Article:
By Elise Copps
Nobody likes to talk about poop. We leave that business in the bathroom. In the world of wound management, however, this taboo topic can’t be ignored. Wounds frequently exposed to fecal matter can be incredibly hard to manage. That’s why the Skin, Wound, and Ostomy team at Hamilton Health Sciences’ Hamilton General Hospital has taken a different approach to treating wounds in high risk areas.
“Large wounds in the rectal area can require frequent dressing changes,” says Enza Browne, a nurse specialized in wound, ostomy and continence (NSWOC). “This limits the type of dressings we can use. Because of their location, it is also very difficult to completely prevent feces from getting in the wound area.”
Enza and her colleagues noted that patients arriving at the hospital with necrotizing fasciitis or large pressure sores around their buttocks were treated for several months or years before the wound came under control. Some never healed. Many of these patients had limited or no lower body movement, and developed significant wounds at home from sitting or lying for extended periods. The team researched options for improving their wound management, and proposed an alternative treatment to their surgical colleagues—a diverting ostomy.
In a diverting ostomy, a small opening, called a stoma, is created in the abdomen, and the bowel is diverted to that opening from the anus. Waste moves through the stoma and collects in a discreet pouch that is emptied several times a day. Initially, this seemed like a radical way to address wounds, but the value of this option soon became clear.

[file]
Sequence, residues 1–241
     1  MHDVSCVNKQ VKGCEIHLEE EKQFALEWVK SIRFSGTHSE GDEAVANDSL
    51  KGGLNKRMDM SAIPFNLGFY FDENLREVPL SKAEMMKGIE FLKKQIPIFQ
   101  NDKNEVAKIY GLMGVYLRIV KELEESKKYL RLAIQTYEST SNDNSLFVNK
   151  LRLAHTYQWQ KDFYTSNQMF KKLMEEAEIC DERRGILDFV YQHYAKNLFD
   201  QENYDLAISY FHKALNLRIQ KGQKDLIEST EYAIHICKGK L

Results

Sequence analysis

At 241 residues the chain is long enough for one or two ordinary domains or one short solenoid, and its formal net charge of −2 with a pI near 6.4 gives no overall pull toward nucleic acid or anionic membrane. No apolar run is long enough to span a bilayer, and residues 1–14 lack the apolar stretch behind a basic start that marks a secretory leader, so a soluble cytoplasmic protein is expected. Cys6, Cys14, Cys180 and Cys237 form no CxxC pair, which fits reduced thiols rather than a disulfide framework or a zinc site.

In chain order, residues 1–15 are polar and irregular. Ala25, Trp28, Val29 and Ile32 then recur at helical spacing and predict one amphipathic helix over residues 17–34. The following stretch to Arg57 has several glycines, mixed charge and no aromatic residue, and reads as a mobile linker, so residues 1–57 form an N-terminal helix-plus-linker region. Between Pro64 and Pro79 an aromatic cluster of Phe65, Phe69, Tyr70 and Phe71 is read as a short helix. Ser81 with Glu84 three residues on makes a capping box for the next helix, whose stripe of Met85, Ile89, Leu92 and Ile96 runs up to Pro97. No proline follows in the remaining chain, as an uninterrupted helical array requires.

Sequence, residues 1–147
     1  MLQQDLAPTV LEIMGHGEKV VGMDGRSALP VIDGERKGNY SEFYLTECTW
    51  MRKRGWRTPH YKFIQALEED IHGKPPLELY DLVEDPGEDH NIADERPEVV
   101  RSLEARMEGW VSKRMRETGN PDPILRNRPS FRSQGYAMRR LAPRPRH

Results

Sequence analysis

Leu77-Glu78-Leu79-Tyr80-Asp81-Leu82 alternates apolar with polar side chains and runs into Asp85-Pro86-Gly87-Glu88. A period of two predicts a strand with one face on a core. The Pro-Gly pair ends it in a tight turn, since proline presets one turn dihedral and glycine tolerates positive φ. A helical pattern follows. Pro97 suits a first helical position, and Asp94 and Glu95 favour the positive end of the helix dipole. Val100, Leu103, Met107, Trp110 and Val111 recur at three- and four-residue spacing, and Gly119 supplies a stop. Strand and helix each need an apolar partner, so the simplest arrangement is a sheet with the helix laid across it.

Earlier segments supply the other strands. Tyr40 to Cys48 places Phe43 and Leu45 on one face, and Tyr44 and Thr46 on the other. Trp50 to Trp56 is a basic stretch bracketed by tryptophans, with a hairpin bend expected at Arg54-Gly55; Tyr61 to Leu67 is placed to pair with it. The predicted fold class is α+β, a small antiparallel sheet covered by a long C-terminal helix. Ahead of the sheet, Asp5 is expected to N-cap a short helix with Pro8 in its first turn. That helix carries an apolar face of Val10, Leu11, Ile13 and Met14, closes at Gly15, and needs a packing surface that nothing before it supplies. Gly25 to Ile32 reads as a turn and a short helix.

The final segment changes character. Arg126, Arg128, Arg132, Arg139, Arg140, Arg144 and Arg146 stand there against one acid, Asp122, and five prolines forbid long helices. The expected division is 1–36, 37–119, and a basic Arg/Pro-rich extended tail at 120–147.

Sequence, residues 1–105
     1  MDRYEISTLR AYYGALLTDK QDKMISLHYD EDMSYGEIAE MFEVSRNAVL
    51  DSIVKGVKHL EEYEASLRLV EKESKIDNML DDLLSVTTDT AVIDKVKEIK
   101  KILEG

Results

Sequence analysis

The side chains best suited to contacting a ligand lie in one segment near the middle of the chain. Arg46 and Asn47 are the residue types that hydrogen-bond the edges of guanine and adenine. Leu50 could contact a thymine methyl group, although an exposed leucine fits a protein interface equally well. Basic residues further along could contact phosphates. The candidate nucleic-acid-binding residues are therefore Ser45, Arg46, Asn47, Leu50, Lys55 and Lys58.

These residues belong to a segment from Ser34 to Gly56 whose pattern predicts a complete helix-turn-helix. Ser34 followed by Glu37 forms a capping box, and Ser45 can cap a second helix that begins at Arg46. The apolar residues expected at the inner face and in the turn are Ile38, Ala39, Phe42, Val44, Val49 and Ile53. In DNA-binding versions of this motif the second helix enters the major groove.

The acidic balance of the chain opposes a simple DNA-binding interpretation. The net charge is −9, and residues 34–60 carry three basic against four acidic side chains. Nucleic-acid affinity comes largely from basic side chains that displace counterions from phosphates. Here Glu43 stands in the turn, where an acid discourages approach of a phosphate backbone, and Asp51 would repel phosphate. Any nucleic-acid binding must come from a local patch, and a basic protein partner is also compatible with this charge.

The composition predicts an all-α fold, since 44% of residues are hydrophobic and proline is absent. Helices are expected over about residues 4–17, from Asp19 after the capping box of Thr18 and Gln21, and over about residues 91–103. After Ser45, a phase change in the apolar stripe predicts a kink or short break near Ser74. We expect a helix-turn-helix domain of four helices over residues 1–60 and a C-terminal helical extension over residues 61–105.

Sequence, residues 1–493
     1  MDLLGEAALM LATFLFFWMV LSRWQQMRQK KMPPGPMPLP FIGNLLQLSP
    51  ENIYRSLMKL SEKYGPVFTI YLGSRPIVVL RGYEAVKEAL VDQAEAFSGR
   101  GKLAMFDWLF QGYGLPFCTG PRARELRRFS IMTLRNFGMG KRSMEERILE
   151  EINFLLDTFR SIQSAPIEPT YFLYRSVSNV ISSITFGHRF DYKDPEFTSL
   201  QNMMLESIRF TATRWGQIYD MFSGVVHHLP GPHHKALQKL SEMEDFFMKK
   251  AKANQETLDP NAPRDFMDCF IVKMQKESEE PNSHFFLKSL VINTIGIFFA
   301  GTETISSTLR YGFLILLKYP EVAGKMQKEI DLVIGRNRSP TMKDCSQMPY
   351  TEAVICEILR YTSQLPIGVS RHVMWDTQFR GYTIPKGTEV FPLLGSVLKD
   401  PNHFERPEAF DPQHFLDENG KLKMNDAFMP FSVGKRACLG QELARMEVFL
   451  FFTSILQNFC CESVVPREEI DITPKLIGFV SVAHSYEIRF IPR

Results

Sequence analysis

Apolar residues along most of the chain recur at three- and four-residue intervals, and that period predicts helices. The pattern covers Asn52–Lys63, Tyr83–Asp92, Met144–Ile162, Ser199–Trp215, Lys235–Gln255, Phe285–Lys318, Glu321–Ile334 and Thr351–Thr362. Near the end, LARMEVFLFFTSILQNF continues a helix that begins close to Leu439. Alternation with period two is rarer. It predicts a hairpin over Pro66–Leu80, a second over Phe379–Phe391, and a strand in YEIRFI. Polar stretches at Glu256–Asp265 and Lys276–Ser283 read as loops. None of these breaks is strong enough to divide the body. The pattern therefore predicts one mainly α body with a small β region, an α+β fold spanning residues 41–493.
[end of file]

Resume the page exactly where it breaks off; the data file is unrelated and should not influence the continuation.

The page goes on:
“We worked with colleagues in general surgery and plastic surgery to make recommendations for the benefits of diverting ostomy,” says Kelsey McIntyre, who works alongside Enza as an NSWOC. “These wounds are at serious risk of infection, and this is a proven way to help them heal effectively.”
The wound team works collaboratively with both general and plastic surgery to debride the wound area and prepare the patient for the ostomy procedure. With an ostomy, the wound can be dressed with more effective products. The team often uses instillation negative pressure wound therapy for these cases, which applies both negative pressure and a topical wound treatment solution to speed healing.
Healing time for these wounds has been significantly reduced in many cases. When the option is proposed to patients, some are hesitant at first, but once the benefits are explained they come around to the idea. Many patients opt to keep their ostomies, even though the procedure can be reversed. People who have had one major wound are at greater risk for another, which contributes to that decision.
“I think they adapt to the ostomy. It can improve their quality of life” says Kelsey. “Especially for people with paraplegia who are prone to pressure injuries. This makes sense as a long term solution.”
The practice is also favoured by NSWOCs at other Hamilton Health Sciences sites for patients with similar issues. Patients who are discharged from the hospital with a new ostomy are referred to a community NSWOC who provides continued education and support so they can resume daily activities.
Elise Copps works in communications at Hamilton Health Sciences Centre.